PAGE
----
I am still not as strong as I would like to be so need to take things a bit slower and to remember that I'm no super[woman]....

Sunday 17 April 2011

Something old, something new, something borrowed....

I have had a week of forced recuperation following surgery. I had promised my children, and many friends, that this time I would let the body heal rather than my normal “I’m fine!” approach where I never actually stop to take a breath regardless of what has been done to me. It also felt like a full stop ending a period in my life. It was a brief moment to take breath before starting the next phase and whatever that might bring. I had planned to write but the brain wasn’t willing. I think the final ultra-stressful last few weeks of intense writing and re-writing in the lead up to submitting my PhD left me with, and as Meg Rosoff has recently highlighted, a writing hangover. So instead of sitting looking at a blinking cursor on an empty screen I decided to read. For the first time for nearly nine years of study and enforced reading (BA, MA and submitting a PhD) I could read anything I wanted to.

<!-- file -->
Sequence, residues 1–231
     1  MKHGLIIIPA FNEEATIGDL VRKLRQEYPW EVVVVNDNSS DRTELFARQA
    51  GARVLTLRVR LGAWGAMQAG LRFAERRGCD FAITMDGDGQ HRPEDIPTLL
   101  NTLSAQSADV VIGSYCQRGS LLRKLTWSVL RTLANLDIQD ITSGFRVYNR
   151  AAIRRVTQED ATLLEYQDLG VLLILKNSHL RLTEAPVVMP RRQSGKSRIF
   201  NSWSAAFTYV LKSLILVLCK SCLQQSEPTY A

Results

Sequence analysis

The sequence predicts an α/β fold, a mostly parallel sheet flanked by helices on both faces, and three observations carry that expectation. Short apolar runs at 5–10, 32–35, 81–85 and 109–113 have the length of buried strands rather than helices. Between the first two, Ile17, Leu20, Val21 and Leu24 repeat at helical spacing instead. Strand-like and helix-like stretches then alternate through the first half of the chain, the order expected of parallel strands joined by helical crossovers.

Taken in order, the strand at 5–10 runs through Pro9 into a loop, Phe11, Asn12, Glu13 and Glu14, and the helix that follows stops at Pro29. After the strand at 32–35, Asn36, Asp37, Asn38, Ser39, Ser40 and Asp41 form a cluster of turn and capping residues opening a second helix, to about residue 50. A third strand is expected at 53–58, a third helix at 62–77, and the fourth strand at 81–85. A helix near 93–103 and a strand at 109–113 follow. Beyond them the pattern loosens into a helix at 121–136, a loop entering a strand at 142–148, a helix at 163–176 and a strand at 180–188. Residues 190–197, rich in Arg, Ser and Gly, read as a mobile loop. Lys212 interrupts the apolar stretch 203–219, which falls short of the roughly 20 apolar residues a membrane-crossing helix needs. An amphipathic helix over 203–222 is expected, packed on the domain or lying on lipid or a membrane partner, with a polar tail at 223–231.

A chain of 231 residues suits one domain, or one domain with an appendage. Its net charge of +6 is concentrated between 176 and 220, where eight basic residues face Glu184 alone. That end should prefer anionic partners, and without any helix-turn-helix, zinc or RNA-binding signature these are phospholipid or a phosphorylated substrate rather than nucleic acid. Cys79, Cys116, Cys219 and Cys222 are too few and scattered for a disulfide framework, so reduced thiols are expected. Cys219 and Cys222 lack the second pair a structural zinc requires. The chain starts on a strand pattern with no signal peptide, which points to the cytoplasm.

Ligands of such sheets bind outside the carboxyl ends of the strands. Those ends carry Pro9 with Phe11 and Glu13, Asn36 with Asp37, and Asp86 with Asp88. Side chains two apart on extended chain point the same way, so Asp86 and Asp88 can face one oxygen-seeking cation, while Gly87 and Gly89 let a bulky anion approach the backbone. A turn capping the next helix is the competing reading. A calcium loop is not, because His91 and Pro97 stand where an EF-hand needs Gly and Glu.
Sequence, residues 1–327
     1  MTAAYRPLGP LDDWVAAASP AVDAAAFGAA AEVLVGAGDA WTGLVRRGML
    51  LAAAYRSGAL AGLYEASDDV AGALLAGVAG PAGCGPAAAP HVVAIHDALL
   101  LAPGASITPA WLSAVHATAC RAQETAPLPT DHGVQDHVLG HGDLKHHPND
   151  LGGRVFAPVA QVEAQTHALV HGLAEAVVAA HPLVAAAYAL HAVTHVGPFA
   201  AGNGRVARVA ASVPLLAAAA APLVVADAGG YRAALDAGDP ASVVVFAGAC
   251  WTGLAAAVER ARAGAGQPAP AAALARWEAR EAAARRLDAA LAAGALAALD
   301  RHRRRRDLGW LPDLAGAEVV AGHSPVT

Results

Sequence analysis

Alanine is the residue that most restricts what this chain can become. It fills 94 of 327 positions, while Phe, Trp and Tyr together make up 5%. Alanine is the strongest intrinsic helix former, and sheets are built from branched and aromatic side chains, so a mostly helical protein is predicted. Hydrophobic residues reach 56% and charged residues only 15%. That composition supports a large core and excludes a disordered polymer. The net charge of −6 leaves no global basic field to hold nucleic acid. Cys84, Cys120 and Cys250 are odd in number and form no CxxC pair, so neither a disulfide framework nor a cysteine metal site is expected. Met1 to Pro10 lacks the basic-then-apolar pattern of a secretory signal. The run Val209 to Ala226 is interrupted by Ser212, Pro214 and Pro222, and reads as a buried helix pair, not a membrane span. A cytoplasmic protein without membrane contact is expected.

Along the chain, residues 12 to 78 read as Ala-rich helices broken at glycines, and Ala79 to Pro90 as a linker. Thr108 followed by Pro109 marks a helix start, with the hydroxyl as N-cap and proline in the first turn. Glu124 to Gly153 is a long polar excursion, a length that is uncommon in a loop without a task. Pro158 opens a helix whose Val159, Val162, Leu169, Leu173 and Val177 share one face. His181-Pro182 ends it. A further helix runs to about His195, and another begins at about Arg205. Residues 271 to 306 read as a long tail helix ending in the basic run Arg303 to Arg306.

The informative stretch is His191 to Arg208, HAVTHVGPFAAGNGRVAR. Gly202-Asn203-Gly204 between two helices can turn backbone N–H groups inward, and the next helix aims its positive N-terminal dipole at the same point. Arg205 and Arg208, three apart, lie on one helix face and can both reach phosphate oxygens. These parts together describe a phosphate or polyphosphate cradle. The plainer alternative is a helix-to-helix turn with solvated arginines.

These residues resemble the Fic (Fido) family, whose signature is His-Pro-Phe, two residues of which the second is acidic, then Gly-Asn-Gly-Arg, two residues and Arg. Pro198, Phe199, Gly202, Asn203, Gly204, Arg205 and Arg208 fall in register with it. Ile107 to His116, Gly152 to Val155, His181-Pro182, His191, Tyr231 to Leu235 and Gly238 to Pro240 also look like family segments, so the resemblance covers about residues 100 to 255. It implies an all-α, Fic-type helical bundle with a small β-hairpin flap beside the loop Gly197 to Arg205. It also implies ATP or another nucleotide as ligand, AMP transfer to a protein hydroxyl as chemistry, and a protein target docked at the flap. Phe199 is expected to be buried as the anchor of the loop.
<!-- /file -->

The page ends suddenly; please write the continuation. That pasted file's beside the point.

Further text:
So firstly, ‘something old,’ I read Elizabeth Goudge’s The Little White Horse first published in 1946 and also the Carnegie Medal winner for that year. It was one of those books which give no clue to the delight to come when you start with a dark journey across what appears to be a gloomy moor. It is a quest story where the delightful Maria Merryweather with the help of numerous animals helps to make amends for the past misdemeanours of her long dead relatives that lead her into all sorts of dangerous escapades and adventures. As a reader you are taken through the rock tunnel to a sumptuous story that is full of colour. It draws you in then wraps its pages around you like a hug. It is a ‘Pollyanna’ of a book. But don’t get me wrong it is not a sentimental book even though every plot and subplot is neatly tied up by the end of story like every perfect ‘shoelace’ aka plotline should be. It is gentle yet thrilling; romantic yet scary. The characters are a delight and fully rounded. In particular, I fell in love with Marmaduke Scarlet and his ability to cook and his insistence on using the longest words possible in every conversation. On that note I should point out it is a ‘wordy’ book but that is one of the reasons I loved it. It is also one of those books I wished I could have written.